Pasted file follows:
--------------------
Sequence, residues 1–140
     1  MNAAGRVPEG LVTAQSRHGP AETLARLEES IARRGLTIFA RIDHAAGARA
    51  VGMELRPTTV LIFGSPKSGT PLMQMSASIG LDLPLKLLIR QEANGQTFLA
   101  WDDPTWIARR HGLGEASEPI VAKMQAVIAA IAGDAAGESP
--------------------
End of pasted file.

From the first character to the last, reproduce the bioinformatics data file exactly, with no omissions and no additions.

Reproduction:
Sequence, residues 1–140
     1  MNAAGRVPEG LVTAQSRHGP AETLARLEES IARRGLTIFA RIDHAAGARA
    51  VGMELRPTTV LIFGSPKSGT PLMQMSASIG LDLPLKLLIR QEANGQTFLA
   101  WDDPTWIARR HGLGEASEPI VAKMQAVIAA IAGDAAGESP